When sites like Friction Facts came out, I found it sort of easy to dismiss them. The processes for getting the gains they talked about seemed onerous (complicated chain baths, waxing your chain in a crock pot to save a few watts but only have it last a couple of hundred miles) and more one of those "the juice just ain't worth the squeeze" type of deals. But then, as happens, discussion started happening around the ideas and knowledge, and all of a sudden the byzantine techniques had accessible analogs that didn't take any incremental time or effort or even money over what you'd already do if you took care of your bike. 

Coincident with this, the info available on tires and rolling resistance started to explode. Velonews published a lot of info, Bicyclerollingresistance.com (link here) threw a ton of info out there, and all of a sudden everything that everyone was talking about was tires and not wheels. There was a topic on slowtwitch.com's forum where a new triathlete asked about the top several upgrades he could make to his equipment and it took two pages of answers before anyone said anything about wheel aerodynamics. This was a new world indeed. 

And then we augmented the significant relative values of aerodynamic savings of various wheels with more absolute values, and my personal approach changed overnight. I've always been something of a princess with tires, and it turned out that the tires I'd preferred were at or near top of class anyhow, so that was good. But latex tubes went from the periphery of my awareness (we'd done good testing on them a few years ago) to "oh I should make it a point to use them instead of butyl when not going tubeless." Inflation pressures got a real close look, and while I wound up not making sea changes I have generally been using higher pressure than the really low pressure I'd been using. The thing that's underreported about latex tubes is how effectively they mute road buzz. So using really supple tires and good latex tubes, inflated to the correct trade-off pressure for my use, results in a really fast and smooth ride.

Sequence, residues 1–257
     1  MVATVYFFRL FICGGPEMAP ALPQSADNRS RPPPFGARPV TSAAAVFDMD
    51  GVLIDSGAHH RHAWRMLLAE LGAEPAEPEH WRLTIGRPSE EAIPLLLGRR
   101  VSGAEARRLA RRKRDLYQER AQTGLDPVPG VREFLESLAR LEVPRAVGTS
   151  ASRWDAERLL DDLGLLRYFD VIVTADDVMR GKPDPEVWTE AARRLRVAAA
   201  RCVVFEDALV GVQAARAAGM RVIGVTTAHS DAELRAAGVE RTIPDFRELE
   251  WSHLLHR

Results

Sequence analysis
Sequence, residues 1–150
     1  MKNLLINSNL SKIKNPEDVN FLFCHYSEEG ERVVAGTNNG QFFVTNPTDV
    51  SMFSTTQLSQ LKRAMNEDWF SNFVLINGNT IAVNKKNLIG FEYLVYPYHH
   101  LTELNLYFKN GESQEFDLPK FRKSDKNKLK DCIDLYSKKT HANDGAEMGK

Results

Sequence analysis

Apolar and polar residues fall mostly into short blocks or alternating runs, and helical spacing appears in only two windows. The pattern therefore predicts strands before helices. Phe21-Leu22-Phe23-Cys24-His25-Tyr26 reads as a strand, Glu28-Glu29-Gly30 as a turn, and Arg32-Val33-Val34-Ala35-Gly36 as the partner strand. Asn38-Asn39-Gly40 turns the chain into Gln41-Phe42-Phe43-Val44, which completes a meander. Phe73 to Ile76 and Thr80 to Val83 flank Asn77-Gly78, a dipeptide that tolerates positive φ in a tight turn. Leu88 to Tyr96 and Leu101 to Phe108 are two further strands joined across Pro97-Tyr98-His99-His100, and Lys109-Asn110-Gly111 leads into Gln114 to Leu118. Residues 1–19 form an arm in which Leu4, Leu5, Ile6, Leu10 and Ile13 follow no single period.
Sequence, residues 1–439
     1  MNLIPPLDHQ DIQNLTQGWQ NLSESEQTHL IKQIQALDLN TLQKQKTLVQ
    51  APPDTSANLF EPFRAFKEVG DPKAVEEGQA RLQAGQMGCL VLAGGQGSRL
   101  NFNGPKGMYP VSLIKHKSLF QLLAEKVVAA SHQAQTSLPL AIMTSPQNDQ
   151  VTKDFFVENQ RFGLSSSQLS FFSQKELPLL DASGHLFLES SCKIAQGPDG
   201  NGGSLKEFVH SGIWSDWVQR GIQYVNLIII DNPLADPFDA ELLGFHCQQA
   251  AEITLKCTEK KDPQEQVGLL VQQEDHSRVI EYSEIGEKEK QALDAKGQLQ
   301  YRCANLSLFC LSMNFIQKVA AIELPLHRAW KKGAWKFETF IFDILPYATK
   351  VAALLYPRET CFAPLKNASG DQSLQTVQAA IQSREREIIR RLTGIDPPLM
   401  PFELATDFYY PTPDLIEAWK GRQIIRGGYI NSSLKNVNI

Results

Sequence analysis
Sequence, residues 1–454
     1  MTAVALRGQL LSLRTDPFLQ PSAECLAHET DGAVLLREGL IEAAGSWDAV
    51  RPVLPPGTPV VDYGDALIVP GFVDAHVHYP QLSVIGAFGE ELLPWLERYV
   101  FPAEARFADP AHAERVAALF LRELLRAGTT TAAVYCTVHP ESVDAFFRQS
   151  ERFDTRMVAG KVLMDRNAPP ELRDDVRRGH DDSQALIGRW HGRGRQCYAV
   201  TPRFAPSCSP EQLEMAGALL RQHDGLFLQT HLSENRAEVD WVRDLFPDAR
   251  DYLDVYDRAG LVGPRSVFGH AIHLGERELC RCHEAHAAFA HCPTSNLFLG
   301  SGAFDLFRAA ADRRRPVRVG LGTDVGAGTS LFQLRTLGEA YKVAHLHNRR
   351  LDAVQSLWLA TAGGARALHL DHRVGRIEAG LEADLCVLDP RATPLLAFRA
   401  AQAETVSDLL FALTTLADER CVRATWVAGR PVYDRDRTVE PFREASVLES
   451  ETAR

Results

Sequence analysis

Chain friction is another one where I took a good hard look. I'd never neglected my chain really badly, but neither was I a freak about it, either. And I'm still not, but I have been paying more attention. Get a chain cleaning tool, pair it with a good degreaser, and use it every couple of hundred miles. Heck, even Simon from GCN finally gave up the ghost on his WD-40 based chain maintenance program and does what I now do. Get your chain clean and that's going to reduce friction, increase component life, improve shifting, and reduce noise. The cost? A minute or three per week, that you should be spending on this anyway. And then you just have to make a good choice on lube to optimize. I prefer Squirt, which is like an easy to use "out of a bottle" version of the crock-pot-wax thing, or Rock and Roll Gold for the mountain bike. Both score very well in friction testing (Squirt isn't in this test but similar wax lubes do very well). And the blissful silence...

I also did a thorough go-through of all the bearings all over my bikes, and though we're still sure that ceramic bearings are wasted on bikes, worn out, rusty, dry, or otherwise janky bearings waste your watts. And they make noise. 

And then when you add all that stuff up, you have a faster, smoother, quieter, more efficient, longer lasting, cleaner, and all around sexier bike that's more fun to ride. All of this comes with literally zero downside, no extra expense, no compromised braking, no crosswind handling issues, and no switching brake pads for race day. Plus the benefits actually exist, and exist at 100% whether you are drafting or not, climbing or descending, riding at 15 or 30 mph, whatever. 

So that's been a substantive change of mindset and action for my approach. In the great and grand scheme of things (okay it doesn't even have to be a great and grand scheme), I'm nothing special on a bike, but we all like to ride bikes that are efficient and smooth and feel like they're working as well as they can. 

Wednesday
Jun072017

Rims, Gran Fondos, etc

A brief public service announcement - we're sponsoring the Vermont Gran Fondo (registration page here) which takes place in Middlebury, VT on July 1. The date is a little unfortunate because it's also the date of the Gnar Weasels Kenda Cup round in Brownsville, VT which a friend of mine co-promotes, but whatcha gonna do? Summer is short and there are too few dates for too much good riding. Anyhow, if you go to the Vermont Gran Fondo, a few things will happen. 1 is that you'll ride in a great and superbly supported event that does most of the iconic central Vermont Gap climbs (some of them twice). 2 is that you will get to prepare for it the night before in the worst of all possible ways, by having beers with us at a local watering hole at November Happy Hour (details TBA) 3. is that you'll have a lovely post-event meal and social time at Woodchuck Cider's HQ and get to harrass us about which wheels you should buy as we'll have a table set up there 4. is that you'll have a chance to win a set of FSW3s. None of these are bad things, so get right on that, would ya?

It's always sunny on App GapThere's no motivation quite like food and adult beveragesSo come do the event, m'kay?